Linking to Outlook .oft File

  Funktion 16:50 11 Aug 2008


I'm having a problem getting a link to work on a website of mine. I have an Outlook Message Template file (.oft) on the server and the following tag pointing to the correct location.

a href="pics/documents/HolApp.oft"> img border="0" src="pics/documents/holiday_icon.jpg" width="118" height="36"> /a>

Whenever I click on the icon, a page not found error appears. Since this is the first time I have tried embedding an Outlook message template on a site, is the href tag incorrect to open this type of file?

Would anybody be able to give me some pointers, please.


  Kemistri 17:23 11 Aug 2008

You have not embedded the file: you have simply provided a download link, which is all that it will be because browsers cannot display just any file-type that happens to exist.

It also begs the question (which I may regret asking): why do you want to display something as odd (from a website design perspective) as an Outlook message template?

  Funktion 20:12 11 Aug 2008

Kemistri - apologies for the incorrect use of 'embedding', I knew what I meant but forgot that use of improper terminology could cause confusion. My bad! Now onto the second part of your response - yes, you will regret asking...!

What I have been tasked with is to get together a website for our department to be incorporated on the (already existant) corporate intranet. It's been a while since I last put together any web content, and I would probably label myself as a competent amateur, but since I am the most tech-savvy in the department it has fallen on my shoulders.

Rather than just cobble together the same old corporate crap onto yet another stale-looking bunch of web pages I have decided to try to make our department's bits USEFUL for us on a day-to-day basis. With this in mind, I have pulled together various documents that are spread across the vast mess that is our network drives. Some of these documents are Outlook templates, such as the one above which is a holiday request form - a semi-populated form to be filled in by the user and emailed to their supervisor.

I have contemplated creating a form in html to send via email, but unfortunately the standard corporate forms cannot be deviated from or replaced.

So there, my good fellow, is the long and short of why I am trying to get an .oft file to open from a hyperlink.

On the plus side, at least all our computers are guaranteed to have Outlook... <sigh> ;-)

  Kemistri 22:09 11 Aug 2008

Right, well, there are two avenues for you if you don't want to, or cannot, provide a form that posts to the server. You can either leave the file as a download and provide instructions for how to download the file and use it. Or you could consider turning it into a PDF, also with instructions as needed. Either way, you're stuck with something that will not be displayed directly in a browser. Obviously, a PHP-driven form represents by far the best solution for dealing with any kind of user data or communication that you need to collect.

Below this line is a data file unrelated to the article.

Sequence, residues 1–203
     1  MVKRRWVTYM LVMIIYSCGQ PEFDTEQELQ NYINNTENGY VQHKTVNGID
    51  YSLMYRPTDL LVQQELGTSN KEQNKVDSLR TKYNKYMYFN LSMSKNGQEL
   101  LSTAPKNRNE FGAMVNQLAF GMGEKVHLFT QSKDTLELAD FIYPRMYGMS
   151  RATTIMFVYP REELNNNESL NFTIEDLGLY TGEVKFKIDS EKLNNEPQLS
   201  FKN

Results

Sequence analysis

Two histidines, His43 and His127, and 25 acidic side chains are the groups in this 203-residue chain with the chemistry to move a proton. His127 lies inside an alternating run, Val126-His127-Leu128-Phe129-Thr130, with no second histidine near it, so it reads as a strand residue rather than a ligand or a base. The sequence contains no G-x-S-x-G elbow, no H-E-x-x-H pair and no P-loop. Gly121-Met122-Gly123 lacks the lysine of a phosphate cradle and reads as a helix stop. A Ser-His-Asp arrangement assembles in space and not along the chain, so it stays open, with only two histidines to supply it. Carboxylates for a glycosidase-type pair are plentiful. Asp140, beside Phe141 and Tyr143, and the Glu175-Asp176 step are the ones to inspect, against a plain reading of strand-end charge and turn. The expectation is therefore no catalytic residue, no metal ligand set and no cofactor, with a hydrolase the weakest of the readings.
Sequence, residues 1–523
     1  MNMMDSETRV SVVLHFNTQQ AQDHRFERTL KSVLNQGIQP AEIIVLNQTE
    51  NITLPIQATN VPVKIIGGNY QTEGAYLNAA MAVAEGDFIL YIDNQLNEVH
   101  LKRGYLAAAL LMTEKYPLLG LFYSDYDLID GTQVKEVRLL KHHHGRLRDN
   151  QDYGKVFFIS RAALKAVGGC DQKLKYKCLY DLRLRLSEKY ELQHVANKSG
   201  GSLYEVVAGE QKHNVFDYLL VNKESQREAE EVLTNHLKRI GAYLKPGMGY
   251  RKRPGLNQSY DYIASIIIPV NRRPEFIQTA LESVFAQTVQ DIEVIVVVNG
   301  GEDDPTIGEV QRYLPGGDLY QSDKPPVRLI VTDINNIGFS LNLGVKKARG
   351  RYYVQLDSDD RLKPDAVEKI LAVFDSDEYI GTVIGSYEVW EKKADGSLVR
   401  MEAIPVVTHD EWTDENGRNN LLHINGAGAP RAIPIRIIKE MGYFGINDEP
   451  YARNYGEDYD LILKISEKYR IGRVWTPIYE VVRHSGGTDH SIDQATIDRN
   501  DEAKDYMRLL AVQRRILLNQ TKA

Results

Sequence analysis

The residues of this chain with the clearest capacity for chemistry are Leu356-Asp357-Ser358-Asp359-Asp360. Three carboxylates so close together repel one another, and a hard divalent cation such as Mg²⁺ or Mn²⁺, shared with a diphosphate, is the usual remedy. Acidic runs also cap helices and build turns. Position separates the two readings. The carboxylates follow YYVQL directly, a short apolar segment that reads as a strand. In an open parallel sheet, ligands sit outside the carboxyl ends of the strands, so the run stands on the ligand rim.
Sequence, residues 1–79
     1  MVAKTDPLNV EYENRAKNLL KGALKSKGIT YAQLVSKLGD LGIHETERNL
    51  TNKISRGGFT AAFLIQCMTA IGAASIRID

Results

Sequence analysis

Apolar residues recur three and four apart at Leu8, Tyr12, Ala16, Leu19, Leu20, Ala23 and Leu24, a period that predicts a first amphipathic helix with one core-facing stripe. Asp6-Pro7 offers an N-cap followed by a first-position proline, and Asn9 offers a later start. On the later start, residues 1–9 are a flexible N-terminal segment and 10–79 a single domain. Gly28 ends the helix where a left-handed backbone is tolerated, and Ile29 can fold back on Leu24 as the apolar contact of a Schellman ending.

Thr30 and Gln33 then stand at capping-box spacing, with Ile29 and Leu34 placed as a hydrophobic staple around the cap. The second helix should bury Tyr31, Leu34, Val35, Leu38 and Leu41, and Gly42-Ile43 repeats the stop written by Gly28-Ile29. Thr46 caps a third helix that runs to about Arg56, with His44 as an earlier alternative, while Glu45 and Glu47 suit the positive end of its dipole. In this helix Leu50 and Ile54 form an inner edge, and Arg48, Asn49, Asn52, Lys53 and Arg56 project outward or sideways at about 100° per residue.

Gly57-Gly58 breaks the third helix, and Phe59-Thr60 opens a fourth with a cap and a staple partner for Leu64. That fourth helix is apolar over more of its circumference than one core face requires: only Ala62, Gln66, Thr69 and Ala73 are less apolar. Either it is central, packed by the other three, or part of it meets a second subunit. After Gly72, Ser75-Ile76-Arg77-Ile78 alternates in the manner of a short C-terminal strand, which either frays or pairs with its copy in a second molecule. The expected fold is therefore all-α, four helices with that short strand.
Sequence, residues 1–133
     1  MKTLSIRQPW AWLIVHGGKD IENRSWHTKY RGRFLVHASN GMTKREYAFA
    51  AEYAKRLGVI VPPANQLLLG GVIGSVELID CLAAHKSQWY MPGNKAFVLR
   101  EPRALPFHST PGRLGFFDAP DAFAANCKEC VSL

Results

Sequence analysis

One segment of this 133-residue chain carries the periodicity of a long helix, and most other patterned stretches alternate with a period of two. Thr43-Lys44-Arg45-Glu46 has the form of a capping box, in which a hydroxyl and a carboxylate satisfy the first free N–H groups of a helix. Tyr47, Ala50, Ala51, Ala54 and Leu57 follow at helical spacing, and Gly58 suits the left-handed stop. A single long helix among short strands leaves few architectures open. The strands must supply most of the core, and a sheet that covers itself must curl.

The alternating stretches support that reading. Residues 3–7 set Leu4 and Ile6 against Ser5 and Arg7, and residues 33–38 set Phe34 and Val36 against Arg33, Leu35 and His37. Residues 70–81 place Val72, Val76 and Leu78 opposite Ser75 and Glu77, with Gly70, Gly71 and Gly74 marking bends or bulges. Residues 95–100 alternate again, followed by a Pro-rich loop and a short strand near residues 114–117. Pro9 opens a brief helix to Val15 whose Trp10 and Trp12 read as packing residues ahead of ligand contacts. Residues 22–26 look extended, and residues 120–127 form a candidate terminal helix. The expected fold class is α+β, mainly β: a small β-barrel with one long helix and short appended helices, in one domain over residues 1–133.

Funktion 22:23 11 Aug 2008

So is there no way to script it so that clicking on a link will open the file in question? To be honest, I've not tried the right-click-'save target as' method (I'm at home at the moment so can't try it now), but unfortunately a web-form or pdf is out of the question. Saying that, I could have a word to try and sweet-talk the upper echelons into accepting a web-form (as it would be easier for everyone concerned once they've got their heads around the change. Fear the change).

I know that if I select a link to, say, an exe file by single-clicking, Windows will give me the option to save/open the file. Could this not be replicated for an oft?

The platform in question is Win2000 (moving to XP soon, hopefully) and as previously mentioned, all workstations have Outlook.

Thanks for your input so far. It's much appreciated, as always.

  Kemistri 00:00 12 Aug 2008

"So is there no way to script it so that clicking on a link will open the file in question?"

No, because that's a browser-dependent behaviour (and nothing to do with scripting) and the most common browser is also the least configurable with regard to passing files to their relevant applications. What you see as Windows giving you an open/save dialogue is actually produced by IE. In some better browsers, certain file types can be configured to open in their relevant apps.

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